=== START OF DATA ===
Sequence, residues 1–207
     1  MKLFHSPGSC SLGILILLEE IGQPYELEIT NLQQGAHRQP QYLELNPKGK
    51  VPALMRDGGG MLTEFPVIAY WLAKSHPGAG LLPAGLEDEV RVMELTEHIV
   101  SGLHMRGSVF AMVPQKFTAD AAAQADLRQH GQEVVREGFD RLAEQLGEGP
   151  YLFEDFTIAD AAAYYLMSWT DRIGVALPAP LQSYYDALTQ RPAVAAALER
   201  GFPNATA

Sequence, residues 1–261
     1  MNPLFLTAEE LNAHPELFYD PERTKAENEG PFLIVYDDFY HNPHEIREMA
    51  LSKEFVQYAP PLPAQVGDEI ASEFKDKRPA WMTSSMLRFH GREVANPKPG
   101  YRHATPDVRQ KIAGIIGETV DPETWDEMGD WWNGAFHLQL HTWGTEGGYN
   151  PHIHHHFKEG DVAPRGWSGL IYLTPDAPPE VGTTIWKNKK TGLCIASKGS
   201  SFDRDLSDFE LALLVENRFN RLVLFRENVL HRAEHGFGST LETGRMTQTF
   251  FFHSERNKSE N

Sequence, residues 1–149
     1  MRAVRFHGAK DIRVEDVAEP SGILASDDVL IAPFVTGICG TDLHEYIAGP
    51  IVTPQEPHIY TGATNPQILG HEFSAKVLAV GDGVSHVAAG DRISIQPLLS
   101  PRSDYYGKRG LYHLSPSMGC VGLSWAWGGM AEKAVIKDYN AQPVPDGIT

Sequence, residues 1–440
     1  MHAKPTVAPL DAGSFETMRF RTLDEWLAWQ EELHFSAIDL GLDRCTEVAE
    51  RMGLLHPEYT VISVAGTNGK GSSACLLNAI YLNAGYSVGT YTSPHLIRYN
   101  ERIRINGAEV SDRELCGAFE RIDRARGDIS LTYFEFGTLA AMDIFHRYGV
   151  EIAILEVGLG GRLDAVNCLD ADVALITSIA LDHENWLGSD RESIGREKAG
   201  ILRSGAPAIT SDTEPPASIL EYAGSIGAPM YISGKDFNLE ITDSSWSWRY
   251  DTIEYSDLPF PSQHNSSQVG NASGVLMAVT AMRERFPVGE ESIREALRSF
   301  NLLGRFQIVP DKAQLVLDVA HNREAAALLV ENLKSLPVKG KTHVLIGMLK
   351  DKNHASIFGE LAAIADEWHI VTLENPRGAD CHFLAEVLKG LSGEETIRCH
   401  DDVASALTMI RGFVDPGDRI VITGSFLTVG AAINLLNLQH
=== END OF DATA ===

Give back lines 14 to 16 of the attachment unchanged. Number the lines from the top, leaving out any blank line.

Sequence, residues 1–149
     1  MRAVRFHGAK DIRVEDVAEP SGILASDDVL IAPFVTGICG TDLHEYIAGP
    51  IVTPQEPHIY TGATNPQILG HEFSAKVLAV GDGVSHVAAG DRISIQPLLS